In August 2013, I celebrated a huge milestone: I had been cancer free for 10 years. 10 years previous, I left a stem-cell transplant ward and had not had cancer since.
I wanted to celebrate this event appropriately by celebrating each day of the gift I'd received.
Walking refreshes me, restores me, and centers me. I have walked all my life, but never as much as since my cancer. It is a reminder of both how impermanent life is, and how interconnected we are to the world around us. Upon the occasion of my 10 year anniversary of being free from cancer, I wanted to celebrate the event as I'd celebrated each day since, by walking. Not only did I want to celebrate this way, I wanted my friends and family to celebrate with me as well. Thus was born the idea of taking 3650 steps with me; one for each day I'd been cancer-free.
I also wanted to try to help those people enduring their own ordeal with cancer. I remembered from my time in chemotherapy that sitting in a chair tethered to an infusion pump for hours on end was VERY boring. I felt that a couple of tablet computers would be a wonderful way to help those people: they could read books, watch movies, listen to music, play games- all without having to get out of the chair.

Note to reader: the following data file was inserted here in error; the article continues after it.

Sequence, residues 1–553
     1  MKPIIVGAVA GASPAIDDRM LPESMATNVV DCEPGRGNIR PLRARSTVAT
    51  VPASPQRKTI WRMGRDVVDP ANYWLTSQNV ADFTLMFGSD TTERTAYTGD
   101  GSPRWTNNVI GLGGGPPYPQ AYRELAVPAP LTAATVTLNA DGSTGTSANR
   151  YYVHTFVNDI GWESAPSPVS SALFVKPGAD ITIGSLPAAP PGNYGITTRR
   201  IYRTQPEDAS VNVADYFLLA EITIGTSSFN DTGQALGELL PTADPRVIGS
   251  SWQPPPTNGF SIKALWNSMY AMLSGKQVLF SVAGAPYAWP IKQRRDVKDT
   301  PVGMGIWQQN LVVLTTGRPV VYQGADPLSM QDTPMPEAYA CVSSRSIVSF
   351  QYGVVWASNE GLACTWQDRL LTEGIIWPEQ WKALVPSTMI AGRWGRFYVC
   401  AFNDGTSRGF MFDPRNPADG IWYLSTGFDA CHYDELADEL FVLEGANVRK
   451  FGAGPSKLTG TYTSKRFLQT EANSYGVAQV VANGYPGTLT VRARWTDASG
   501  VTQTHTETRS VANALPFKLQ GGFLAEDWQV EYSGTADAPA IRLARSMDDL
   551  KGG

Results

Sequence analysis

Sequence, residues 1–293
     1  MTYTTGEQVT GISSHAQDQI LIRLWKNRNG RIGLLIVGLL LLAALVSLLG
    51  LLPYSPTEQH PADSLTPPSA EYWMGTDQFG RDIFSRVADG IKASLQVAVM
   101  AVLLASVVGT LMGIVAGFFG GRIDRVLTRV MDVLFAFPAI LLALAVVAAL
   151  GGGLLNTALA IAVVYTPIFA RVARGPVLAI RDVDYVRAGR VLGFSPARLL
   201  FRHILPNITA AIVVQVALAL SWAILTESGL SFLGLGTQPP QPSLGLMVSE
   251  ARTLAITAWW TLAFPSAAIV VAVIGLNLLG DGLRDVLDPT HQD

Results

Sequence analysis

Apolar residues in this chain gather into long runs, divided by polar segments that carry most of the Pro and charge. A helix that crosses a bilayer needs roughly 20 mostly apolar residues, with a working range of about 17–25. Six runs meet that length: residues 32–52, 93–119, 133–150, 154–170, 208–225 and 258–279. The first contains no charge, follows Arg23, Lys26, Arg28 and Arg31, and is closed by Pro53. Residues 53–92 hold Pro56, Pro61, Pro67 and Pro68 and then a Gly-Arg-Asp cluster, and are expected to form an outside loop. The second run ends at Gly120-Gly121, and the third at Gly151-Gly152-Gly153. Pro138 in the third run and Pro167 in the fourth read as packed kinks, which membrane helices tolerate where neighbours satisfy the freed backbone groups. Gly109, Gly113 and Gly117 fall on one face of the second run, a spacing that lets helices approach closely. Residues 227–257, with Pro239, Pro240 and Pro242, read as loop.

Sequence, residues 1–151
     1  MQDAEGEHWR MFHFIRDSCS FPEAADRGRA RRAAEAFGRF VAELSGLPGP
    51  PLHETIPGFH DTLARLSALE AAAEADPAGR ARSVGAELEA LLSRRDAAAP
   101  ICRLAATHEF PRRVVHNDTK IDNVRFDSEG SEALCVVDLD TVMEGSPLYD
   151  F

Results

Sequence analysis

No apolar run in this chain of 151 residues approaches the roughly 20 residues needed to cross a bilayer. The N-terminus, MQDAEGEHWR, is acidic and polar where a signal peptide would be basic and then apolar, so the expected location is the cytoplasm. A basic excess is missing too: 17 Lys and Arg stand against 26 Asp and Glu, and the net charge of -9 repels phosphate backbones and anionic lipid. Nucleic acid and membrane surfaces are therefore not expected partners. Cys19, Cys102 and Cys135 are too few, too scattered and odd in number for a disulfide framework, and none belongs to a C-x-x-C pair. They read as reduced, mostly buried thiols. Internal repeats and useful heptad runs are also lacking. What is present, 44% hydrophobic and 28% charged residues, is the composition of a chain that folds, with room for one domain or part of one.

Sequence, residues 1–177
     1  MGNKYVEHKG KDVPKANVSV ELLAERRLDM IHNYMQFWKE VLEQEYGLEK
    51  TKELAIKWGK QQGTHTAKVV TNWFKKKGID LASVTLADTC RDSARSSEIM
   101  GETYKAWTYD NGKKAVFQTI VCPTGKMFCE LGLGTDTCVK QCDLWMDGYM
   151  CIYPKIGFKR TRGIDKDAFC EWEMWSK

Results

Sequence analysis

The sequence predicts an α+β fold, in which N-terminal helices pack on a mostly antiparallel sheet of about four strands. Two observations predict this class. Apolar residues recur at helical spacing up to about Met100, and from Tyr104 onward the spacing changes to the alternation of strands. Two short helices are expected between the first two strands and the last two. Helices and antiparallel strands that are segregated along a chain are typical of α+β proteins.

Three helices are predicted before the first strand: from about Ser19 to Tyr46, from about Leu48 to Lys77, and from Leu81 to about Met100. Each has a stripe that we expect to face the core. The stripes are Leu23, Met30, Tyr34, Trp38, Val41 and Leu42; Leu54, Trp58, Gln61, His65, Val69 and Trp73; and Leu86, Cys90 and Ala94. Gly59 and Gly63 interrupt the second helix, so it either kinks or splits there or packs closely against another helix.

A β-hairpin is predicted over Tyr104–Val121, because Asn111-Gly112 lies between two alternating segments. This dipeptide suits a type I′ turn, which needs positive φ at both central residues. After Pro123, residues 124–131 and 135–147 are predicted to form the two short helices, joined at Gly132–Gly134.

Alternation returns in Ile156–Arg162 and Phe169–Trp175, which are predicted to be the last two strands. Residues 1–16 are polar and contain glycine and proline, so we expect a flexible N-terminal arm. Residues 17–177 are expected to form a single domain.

So, my wife and I organized an event with two distinct purposes: taking 3650 steps to celebrate my gift of life, and helping us pay for two tablet computers to donate to my infusion center.
3650 steps was born.
We ordered 50 t-shirts made with the 3650 logo, in lime-green (the "ribbon" color of Lymphoma). They cost us about $4.50 each, so we sold them to our guests at $10 each. We invited our guests to walk with me on the Old Erie Canal towpath trail on a Saturday afternoon and then attend a party at our house afterward. We sold the t-shirts at both places. At the party, we sold raffle tickets for hiking sticks, baby blankets, wine and beer baskets. In all, we raised enough money to cover the cost of the t-shirts, so the tablets were still out of pocket.
Regardless, the memories of this event will last the remainder of my life, and hopefully we made some people's chemo a little easier.
If you're in a similar situation, celebrate each day you've received. They're precious.